3.6. Multi-Locus Sequence Typing
Polymerase chain reaction of the seven housekeeping genes encoding carbamate kinase (arcC), shikimate dehydrogenase (aroE), ABC transporter (gtr), DNA mismatch repair protein (mutS), pyrimidine operon regulatory protein (pyirR), triosephosphate isomerase (tpiA) and acetyl-CoA acetyltransferase (yqiL) was performed as explained previously (14). The allelic profiles and also sequence types were analysis with (http://www.mlst.net).
During six months of the study, 121 bloodstream infections were collected from the ICU ward of Al-Zahra hospital. Fifty-three of all isolates belonged to S. epidermidis. The other covered isolates were associated with E. coli and P. aeruginosa. Since many factors were regarded for the determination of the clinical significance of coagulase negative staphylococcus diseases, in which the most prominent was center for disease control (CDC) standards, therefore all of the S. epidermidis isolates were gathered according to the mentioned guidelines (15). The antibiogram showed the following results: cefoxitin (43.4%), penicillin (100%), cefazolin (94.3%), vancomycin (0%), erythromycin (77.3%), gentamicin (73.6%), sulfamethoxazole/trimethoprim (56.5%), rifampicin (39.6%), levofloxacin (52.8%), clindamycin (43.4%) and teicoplanin (0%).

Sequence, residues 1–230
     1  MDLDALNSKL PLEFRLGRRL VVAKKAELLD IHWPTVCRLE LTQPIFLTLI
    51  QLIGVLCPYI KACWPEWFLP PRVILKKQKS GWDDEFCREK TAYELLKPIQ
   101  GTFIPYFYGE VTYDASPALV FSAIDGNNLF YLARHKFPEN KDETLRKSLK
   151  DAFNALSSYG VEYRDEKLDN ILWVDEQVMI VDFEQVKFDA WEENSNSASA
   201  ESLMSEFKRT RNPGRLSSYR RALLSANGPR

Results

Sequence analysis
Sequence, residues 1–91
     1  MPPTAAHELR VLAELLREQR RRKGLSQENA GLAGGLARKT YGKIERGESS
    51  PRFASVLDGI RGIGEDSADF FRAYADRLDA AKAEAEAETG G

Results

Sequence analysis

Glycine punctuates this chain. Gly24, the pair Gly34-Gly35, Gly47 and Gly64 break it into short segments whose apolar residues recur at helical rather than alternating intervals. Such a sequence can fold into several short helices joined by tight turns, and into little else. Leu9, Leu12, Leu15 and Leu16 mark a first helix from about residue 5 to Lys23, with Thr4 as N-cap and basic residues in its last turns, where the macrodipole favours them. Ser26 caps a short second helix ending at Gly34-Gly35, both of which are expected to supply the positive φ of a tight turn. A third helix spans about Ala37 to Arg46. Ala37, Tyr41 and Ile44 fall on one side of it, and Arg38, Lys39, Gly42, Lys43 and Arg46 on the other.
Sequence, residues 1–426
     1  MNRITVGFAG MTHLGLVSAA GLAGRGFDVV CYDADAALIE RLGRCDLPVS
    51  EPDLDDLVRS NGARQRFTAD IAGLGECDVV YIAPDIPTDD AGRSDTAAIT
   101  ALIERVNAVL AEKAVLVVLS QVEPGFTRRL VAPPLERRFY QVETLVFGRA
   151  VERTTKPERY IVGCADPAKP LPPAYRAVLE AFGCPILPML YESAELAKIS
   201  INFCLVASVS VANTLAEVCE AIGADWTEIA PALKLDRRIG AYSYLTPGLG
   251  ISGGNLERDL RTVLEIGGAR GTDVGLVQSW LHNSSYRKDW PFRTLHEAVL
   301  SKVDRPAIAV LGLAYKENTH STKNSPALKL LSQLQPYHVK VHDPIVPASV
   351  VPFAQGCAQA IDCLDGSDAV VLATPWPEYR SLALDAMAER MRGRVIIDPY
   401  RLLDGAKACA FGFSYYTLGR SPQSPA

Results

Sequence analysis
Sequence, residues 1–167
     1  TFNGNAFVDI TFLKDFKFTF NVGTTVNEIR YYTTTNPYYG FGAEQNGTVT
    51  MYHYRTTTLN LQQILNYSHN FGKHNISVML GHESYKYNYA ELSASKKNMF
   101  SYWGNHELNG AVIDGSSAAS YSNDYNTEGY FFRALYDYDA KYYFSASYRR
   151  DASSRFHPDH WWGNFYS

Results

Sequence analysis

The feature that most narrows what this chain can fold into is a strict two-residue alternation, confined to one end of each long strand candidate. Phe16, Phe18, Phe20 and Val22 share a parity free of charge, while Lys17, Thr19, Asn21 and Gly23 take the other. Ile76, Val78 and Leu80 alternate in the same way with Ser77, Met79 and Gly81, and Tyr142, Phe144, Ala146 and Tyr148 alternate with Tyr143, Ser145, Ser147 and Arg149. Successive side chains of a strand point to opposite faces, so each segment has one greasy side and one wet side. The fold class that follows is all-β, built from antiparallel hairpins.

In the present study, 25 (47.2%) of S. epidermidis strains had the mecA gene. In addition, by multiplex PCR, SCCmec type II was detected in one (4%), SCCmec type III in eight (32%) and SCCmec type IV in thirteen (52%) of isolates. It is noteworthy to mention that three (12%) of the isolates were distinguished as non-typable and also SCCmec types I and V were not detected.
Using PFGE typing by GelCompar II analysis, a total of 16 different pulsotypes were identified, including four main clones (I-IV). In PFGE dendrogram clone I with two, clone II with three, clone III with two and clone IV with six strains had the most frequency (Figure 1).
Finally the MLST was carried out for I-IV detected clones by PFGE profiles. From clone I (strains 21 and 29), clone II (strains 47 and 60), clone III (strain 50 and 59) and clone IV (strains 3 and 8) were selected for MLST test, in accordance to SCCmec types. The MLST results are shown in Table 1.
|Sequence Type||No. (%)|